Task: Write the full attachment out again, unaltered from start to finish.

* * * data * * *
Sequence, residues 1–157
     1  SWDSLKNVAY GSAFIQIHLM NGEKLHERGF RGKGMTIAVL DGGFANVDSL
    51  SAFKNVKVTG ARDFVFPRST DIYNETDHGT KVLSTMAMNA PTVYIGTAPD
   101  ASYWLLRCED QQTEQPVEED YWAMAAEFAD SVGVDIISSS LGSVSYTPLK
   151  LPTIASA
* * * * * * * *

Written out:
Sequence, residues 1–157
     1  SWDSLKNVAY GSAFIQIHLM NGEKLHERGF RGKGMTIAVL DGGFANVDSL
    51  SAFKNVKVTG ARDFVFPRST DIYNETDHGT KVLSTMAMNA PTVYIGTAPD
   101  ASYWLLRCED QQTEQPVEED YWAMAAEFAD SVGVDIISSS LGSVSYTPLK
   151  LPTIASA